This fourth Tyrion chapter opens with a grim reminder of the battle between Lannister and Baratheon, in case we had forgotten the effects of war upon society, which Martin always is keen to explore. While the city itself got through relatively unscathed, the areas outside its walls have been reduced to "mud and ashes and bits of burned bone". Again we can admire Martin's incredible attention to detail and not forgetting to show us consequences. He could just as easily not have mentioned it, but a quick description makes the world become a little more real (until he begins overdoing the description, especially in A Dance with Dragons, that is). He also shows us how life tries to rise again, with people already returning to live there in the shadows of the city walls. People give Tyrion hostile stares as he rides past, but he's got bad-ass Bronn at his side - without his protection, Tyrion imagines that they pull him off his horse to smash his face in. When Tyrion likens them to rats ("they come back quicker than the rats" doesn't exactly liken them but the line does give me that impression. Interestingly, Bronn then comments that he could round up a few Gold Cloaks and kill them off, because, "Once they're dead they don't come back" which is an ironic line, of course, where Martin kind of winks at us and goes "tee-hee see what I did there?" Not only Lord Beric Dondarrion and the wights in the North, but a central character will come back after death in the epilogue. Tyrion thinks the people can stay there as long as they don't build hovels against the wall, because they burn easily or can be climbed I suppose. He tells Bronn he's seen enough, a neat way for the author to tell us that Tyrion has been doing an inspection round without stating it directly. He tells Bronn they'll return the next day with the guild masters "to go over their plans". He thinks for himself that he burned most of it so it's only fair that he rebuilds (which is kind of the opposite of Mad King Aerys in terms of, ah, taking responsibility for flames). Is there more to these thoughts? Did Martin actually write this sentence with the idea to contrast it to Aerys? Or did he just want to show us that Tyrion has a conscience? Or will the line actually be even more meaningful later in the story (imagine if Tyrion, say, had a dragon to ride and had it burn down a city - in such a case, this could also become ironic in its meaning).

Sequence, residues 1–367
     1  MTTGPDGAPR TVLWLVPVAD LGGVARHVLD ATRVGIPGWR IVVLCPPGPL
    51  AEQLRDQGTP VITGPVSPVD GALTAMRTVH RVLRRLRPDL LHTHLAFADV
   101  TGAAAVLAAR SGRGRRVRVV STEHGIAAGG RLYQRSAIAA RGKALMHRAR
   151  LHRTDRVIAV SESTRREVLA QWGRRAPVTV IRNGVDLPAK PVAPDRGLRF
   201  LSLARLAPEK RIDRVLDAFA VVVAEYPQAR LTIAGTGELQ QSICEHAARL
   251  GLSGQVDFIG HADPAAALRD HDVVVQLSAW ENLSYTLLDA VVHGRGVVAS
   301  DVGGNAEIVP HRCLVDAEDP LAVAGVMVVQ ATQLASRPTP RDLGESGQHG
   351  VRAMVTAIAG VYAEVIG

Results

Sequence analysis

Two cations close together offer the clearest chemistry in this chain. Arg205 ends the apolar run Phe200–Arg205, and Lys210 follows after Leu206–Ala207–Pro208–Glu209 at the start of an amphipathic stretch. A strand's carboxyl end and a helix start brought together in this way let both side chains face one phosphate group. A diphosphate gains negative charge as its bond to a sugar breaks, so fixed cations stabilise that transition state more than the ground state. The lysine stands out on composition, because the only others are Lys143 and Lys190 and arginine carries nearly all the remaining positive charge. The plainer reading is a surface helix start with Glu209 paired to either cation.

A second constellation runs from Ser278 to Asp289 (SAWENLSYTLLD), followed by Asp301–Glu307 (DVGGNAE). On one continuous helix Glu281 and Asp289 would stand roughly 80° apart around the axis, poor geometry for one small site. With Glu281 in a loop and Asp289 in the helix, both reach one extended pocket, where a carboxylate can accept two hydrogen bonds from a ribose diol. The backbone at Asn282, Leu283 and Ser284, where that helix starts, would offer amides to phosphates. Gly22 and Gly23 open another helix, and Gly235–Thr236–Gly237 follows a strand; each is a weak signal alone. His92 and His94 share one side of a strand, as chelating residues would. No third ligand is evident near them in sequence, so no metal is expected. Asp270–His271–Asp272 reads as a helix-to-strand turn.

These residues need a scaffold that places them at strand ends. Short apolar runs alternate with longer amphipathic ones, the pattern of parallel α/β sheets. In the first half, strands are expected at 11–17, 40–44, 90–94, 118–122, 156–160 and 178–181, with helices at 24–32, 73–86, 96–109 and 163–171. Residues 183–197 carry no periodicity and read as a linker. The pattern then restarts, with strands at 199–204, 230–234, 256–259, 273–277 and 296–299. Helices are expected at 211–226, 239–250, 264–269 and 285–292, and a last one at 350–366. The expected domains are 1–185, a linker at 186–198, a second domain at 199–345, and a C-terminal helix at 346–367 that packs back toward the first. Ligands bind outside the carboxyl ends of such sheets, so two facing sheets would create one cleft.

We learn that Tyrion's uncle, Ser Kevan Lannister, is consumed by grief (his son has been murdered, his other son is a captive of the Starks, and his third son, Lancel is still grievously wounded) - nice to see some nice human qualities present in a Lannister, and also a reminder that war affects everyone. We are reminded that Littlefinger has sailed off to the Eyrie to wed Lysa Arryn. Tyrion knows he has to open the river for trade, and rebuild all that was destroyed in the battle, to return King's Landing to its former strength. No longer the Hand of the King, it seems he is still acting as one. Actually, you could say that of all the Hands we've seen so far (Jon Arryn, Ned Stark, Tywin Lannister) and of those we have yet to see, Tyrion is the only one who is actually good at being the Hand of the King. Also, he survives the title. Maybe he should've died - his story after A Storm of Swords really isn't nowhere as interesting, or it might just be me not able to adjust to a different kind of storyline. Throughout the first three books, he meets characters and challenges that make Tyrion shine; in A Dance with Dragons, not so much.Anyway, before I get off on another ADWD rant, I'll recalibrate my thoughts and return to the chapter at Hand (aha!): Tyrion and Bronn ride through the Mud Gate, where they see the Three Whores still dominating the market square. While still war machines, they are now used as a playground for children, of which I approve (as long as they don't hurt themselves climbing, eh). Oh! Tyrion worries about the same, and he wants guards stationed here so that no kids break their neck on the things. Heehee. Oh again! He changes his mind when one of the children throws manure at him.